Wild trout naturally reproduce in Trout Creek from its headwaters downstream to its mouth. [5]

History

Trout Creek was entered into the Geographic Names Information System on August 2, 1979. Its identifier in the Geographic Names Information System is 1189833. [2]

In the early 2000s, the Lackawanna River Watershed Conservation Plan recommended that Spring Brook Township include protection of Trout Creek in their comprehensive plans, as well as their ordinances for land use, zoning, and subdivision. [6]

See also

Related Research Articles

Kingsbury Brook river in the United States of America

Kingsbury Brook is a tributary of Huntington Creek in Luzerne County, Pennsylvania, in the United States. It is approximately 1.5 miles (2.4 km) long and flows through Huntington Township. The watershed of the stream has an area of 1.27 square miles (3.3 km2) and it has two unnamed tributaries. Wild trout naturally reproduce in the stream. The surficial geology in its vicinity mainly consists of alluvium, Wisconsinan Till, Wisconsinan Ice-Contact Stratified Drift, bedrock, and wetlands.

Red Spring Run is a tributary of the Lackawanna River in Lackawanna County and Luzerne County, in Pennsylvania in the United States. It is approximately 1.5 miles (2.4 km) long and flows through Ransom Township in Lackawanna County and Duryea in Luzerne County. The watershed of the stream has an area of 1.25 square miles (3.2 km2). It is designated as a Coldwater Fishery and a Migratory Fishery. The stream has one unnamed tributary. Many reaches of the stream have been affected by mining and abandoned mines. The surficial geology in its vicinity features alluvium, coal dumps, surface mining land, and Wisconsinan Till.

Mill Creek is a tributary of the Lackawanna River in Luzerne County and Lackawanna County, in Pennsylvania, in the United States. It is approximately 5.5 miles (8.9 km) long and flows through Pittston Township, Dupont, Avoca, and Duryea in Luzerne County and Moosic in Lackawanna County. The watershed of the creek has an area of 10.6 square miles (27 km2). It is designated as a Coldwater Fishery and a Migratory Fishery. The creek has two named tributaries: Collins Creek and Lidy Creek. The surficial geology in its vicinity includes urban land, coal dumps, surface mining land, Wisconsinan Ice-Contact Stratified Drift, Wisconsinan Till, and bedrock.

Monument Creek is a tributary of Spring Brook in Luzerne County and Lackawanna County, in Pennsylvania, in the United States. It is approximately 2.8 miles (4.5 km) long and flows through Pittston Township in Luzerne County and Spring Brook Township. The creek is considered to be a High-Quality Coldwater Fishery. It has one named tributary, which is known as Trout Creek. The surficial geology in the vicinity of Monument Creek consists of bedrock, Wisconsinan Till, alluvium, Wisconsinan Ice-Contact Stratified Drift, and fill.

Green Run is a tributary of Spring Brook in Lackawanna County, Pennsylvania, in the United States. It is approximately 4.7 miles (7.6 km) long and flows through Spring Brook Township, Roaring Brook Township, and Scranton. The watershed of the stream has an area of 4.32 square miles (11.2 km2). It is considered to be Class A Wild Trout Waters throughout its entire length. Numerous macroinvertebrate taxa also inhabit the stream. The surficial geology in the vicinity of the stream's lower reaches mainly consists of Wisconsinan Till, bedrock, and Boulder Colluvium.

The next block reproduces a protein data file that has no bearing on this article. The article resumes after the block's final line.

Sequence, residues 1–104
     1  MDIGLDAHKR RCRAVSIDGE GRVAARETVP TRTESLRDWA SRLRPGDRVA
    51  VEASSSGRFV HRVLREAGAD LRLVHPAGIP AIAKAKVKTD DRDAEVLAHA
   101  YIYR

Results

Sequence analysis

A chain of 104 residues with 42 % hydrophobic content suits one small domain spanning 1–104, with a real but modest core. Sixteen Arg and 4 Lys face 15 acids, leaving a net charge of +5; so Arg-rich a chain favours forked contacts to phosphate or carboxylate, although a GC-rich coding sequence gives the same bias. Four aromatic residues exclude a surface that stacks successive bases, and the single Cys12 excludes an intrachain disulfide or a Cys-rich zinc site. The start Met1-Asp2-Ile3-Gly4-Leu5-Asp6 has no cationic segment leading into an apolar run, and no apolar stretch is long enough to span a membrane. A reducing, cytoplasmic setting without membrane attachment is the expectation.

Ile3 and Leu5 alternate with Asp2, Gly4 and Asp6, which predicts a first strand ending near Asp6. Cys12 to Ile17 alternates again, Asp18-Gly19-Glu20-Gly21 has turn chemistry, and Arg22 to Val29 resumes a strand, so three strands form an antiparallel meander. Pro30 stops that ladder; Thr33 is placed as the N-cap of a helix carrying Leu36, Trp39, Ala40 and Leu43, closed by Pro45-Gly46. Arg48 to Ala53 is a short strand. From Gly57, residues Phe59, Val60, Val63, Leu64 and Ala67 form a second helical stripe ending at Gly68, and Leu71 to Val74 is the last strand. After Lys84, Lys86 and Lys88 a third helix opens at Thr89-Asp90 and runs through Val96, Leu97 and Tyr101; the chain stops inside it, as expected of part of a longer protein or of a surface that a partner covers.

Rattlesnake Creek is a tributary of Spring Brook in Lackawanna County, Pennsylvania, in the United States. It is approximately 5.0 miles (8.0 km) long and flows through Spring Brook Township. The watershed of the creek has an area of 9.18 square miles (23.8 km2). The creek has one named tributary, which is known as Six Springs Creek. Rattlesnake Creek is inhabited by wild trout and part of it is considered to be Class A Wild Trout Waters. A dammed lake known as Maple Lake is located near its headwaters. The surficial geology in the area mainly consists of Wisconsinan Till and bedrock, with some alluvium, Wisconsinan Ice-Contact Stratified Drift, wetlands, and peat bogs.

Plank Bridge Creek is a tributary of Spring Brook in Lackawanna County, Pennsylvania, in the United States. It is approximately 2.4 miles (3.9 km) long and flows through Spring Brook Township. The watershed of the creek has an area of 1.26 square miles (3.3 km2). It is inhabited by wild trout throughout its length. The surficial geology in its vicinity mainly consists of Wisconsinan Till, bedrock, Boulder Colluvium, alluvium, and wetlands.

Panther Creek is a tributary of Spring Brook in Lackawanna County, Pennsylvania, in the United States. It is approximately 2.7 miles (4.3 km) long and flows through Thornhurst Township, Clifton Township, and Spring Brook Township. The watershed of the creek has an area of 7.18 square miles (18.6 km2). It has one named tributary, which is known as Painter Creek. Panther Creek is considered to be Class A Wild Trout Waters. The surficial geology in its vicinity consists of alluvium, alluvial terrace, Wisconsinan Till, and bedrock.

Painter Creek river in the United States of America

Painter Creek is a tributary of Panther Creek in Lackawanna County, Pennsylvania, in the United States. It is approximately 3.4 miles (5.5 km) long and flows through Thornhurst Township and Spring Brook Township. The watershed of the creek has an area of 4.51 square miles (11.7 km2). Wild trout naturally reproduce in the creek and a hiking trail is in its vicinity. The surficial geology in the area consists of Wisconsinan Till, bedrock, and wetlands. A bog known as the Painter Creek Bog is listed on the Lackawanna County Natural Areas Inventory.

Rock Bottom Creek is a tributary of Roaring Brook in Lackawanna County, Pennsylvania, in the United States. It is approximately 3.2 miles (5.1 km) long and flows through Jefferson Township and Roaring Brook Township. The watershed of the creek has an area of 3.06 square miles (7.9 km2). Wild trout naturally reproduce within it. The surficial geology in the creek's vicinity consists of Wisconsinan Till, alluvium, bedrock, fill, peat bogs, lakes, and wetlands.

Kellum Creek is a tributary of Roaring Brook in Lackawanna County, Pennsylvania, in the United States. It is approximately 2.9 miles (4.7 km) long and flows through Madison Township. The watershed of the creek has an area of 2.56 square miles (6.6 km2). The creek is considered to be Class A Wild Trout Waters. A planned trail is in its vicinity. The surficial geology in the area consists of alluvium, bedrock, peat bogs, wetlands, Boulder Colluvium, and Wisconsinan Till.